Colombian pleads guilty to internet-based ID theft scam
Mario Simbaqueba Bonilla, 40, admitted in U.S. District Court in Miami to illegally installing keystroke logging software on computers in hotel business centers and internet lounges around the world. The software collected the personal information, including passwords and other personal identifying information that the victims used to access their bank, payroll, brokerage and other accounts online.
Bonilla used the data he intercepted from his victims -- mostly guests at U.S. hotels -- to steal or divert money from victims' bank, payroll and mortgage accounts into other accounts he created in the names of other victims. Then, via what the U.S. Justice Department (DOJ) called "a complex series of electronic transactions designed to cover his trail," Simbaqueba Bonilla transferred the stolen money to credit, cash or debit-card accounts and had the cards mailed to himself and others at commercial mailing addresses.
The majority of Bonilla's identity theft activity -- which he initiated from computers in Colombia -- targeted U.S. residents, including Defense Department personnel. According to the DOJ, Simbaqueba Bonilla used the stolen money to buy expensive electronics and luxury travel accommodations in various countries including Hong Kong, Turks and Caicos, France, Jamaica, Italy, Chile and the United States.
"Unfortunately, this is not an isolated case," R. Alexander Acosta, U.S. Attorney for the Southern District of Florida, said in a prepared statement. "The internet is an outstanding tool, but it is vulnerable. Criminals like Bonilla use the internet to steal our banking and personal data, and then our money. When you travel, think twice before entering personal or financial data on a public computer."
Federal agents arrested Simbaqueba Bonilla when he flew into the United States last August. The Columbian national, who flew on an airline ticket purchased with stolen funds, had a laptop purchased with stolen funds in his possession that contained the names, passwords and other personal and financial information of more than 600 people.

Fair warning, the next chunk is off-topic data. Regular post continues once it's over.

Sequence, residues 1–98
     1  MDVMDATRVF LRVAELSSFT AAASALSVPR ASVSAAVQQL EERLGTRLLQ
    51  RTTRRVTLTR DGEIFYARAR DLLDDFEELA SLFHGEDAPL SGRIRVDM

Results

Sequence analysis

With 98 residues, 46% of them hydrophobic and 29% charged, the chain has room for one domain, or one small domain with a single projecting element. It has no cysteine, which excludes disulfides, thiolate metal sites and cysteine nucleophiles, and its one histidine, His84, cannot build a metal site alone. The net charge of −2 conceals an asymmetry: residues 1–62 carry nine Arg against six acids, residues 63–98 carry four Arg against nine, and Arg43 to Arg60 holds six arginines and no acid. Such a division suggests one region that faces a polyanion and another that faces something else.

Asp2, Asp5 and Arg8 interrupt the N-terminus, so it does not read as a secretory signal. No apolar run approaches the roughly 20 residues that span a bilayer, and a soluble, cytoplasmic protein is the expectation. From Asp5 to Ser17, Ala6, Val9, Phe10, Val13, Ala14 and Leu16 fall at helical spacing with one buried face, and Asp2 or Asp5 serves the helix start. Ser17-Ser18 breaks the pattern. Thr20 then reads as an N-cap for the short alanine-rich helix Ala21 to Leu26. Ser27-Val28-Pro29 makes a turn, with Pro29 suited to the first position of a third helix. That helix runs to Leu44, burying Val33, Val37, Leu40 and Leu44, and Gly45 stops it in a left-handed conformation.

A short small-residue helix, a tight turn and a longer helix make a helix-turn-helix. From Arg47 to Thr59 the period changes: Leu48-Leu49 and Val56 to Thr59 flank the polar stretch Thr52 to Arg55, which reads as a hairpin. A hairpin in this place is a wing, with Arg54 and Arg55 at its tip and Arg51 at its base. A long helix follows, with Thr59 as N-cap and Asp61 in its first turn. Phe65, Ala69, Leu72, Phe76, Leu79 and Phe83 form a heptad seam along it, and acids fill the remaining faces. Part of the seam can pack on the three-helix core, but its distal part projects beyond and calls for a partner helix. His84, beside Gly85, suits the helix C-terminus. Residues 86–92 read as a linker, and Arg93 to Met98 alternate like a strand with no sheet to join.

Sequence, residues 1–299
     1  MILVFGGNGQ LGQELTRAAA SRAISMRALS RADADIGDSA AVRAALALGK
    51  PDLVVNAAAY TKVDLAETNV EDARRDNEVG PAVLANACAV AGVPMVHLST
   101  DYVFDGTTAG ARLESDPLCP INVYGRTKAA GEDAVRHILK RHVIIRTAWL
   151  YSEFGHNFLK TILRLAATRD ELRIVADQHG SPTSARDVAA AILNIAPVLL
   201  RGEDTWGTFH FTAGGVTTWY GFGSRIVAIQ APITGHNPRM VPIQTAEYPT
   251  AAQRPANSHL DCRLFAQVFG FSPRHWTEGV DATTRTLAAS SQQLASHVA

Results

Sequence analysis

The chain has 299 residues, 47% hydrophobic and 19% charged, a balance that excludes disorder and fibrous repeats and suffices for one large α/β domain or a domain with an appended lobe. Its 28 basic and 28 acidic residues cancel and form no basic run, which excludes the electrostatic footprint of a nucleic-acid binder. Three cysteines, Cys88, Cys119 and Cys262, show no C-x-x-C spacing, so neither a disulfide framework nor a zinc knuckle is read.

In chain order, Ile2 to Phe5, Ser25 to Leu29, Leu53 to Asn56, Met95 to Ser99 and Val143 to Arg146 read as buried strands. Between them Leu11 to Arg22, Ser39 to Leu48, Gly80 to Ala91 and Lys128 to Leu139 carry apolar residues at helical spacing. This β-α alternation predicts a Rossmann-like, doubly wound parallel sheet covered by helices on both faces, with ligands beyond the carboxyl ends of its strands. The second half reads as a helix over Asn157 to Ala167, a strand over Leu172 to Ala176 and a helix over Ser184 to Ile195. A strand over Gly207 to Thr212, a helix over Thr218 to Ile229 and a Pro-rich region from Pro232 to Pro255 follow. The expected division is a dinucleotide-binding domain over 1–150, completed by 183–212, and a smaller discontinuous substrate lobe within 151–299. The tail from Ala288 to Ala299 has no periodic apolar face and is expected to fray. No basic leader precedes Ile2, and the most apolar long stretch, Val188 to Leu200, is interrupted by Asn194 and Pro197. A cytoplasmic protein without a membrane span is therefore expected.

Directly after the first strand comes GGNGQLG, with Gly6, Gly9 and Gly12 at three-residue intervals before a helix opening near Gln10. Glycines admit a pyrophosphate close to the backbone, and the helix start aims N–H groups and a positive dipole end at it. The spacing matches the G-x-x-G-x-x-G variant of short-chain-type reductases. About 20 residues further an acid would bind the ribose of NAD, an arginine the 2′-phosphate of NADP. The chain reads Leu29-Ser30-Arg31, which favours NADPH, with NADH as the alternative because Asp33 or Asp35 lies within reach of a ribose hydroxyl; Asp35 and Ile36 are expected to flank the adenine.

“It would be interesting to know if Bonilla used the unsecured, wireless, electronic transmissions of the hotel guests (unsecured wireless is often available in hotel lobbies) to also access or capture information,” R.M. Tracy, a former FBI special agent and the founder of the Privacy Trust Group, a security consultancy, told SCMagazineUS.com. “If the hotel computers were infected with keylogging programs or otherwise not effectively secured, this could have added to the problem. Why was it was mainly hotel guests who were victims? This begs more questions than it answers about what Bonilla was really doing and how he was doing it.”
“Consumers should be wary of accessing bank accounts from shared public computers that could have keystroke loggers or other malware on them,” Ed Mierzwinski, consumer program director of the U.S. Public Interest Research Group (USPRIG), a consumer advocacy organization, told SCMagazineUS.com. “Consumers should also be wary of accessing their accounts while using their own computers on unsecured Wi-Fi or other public networks.”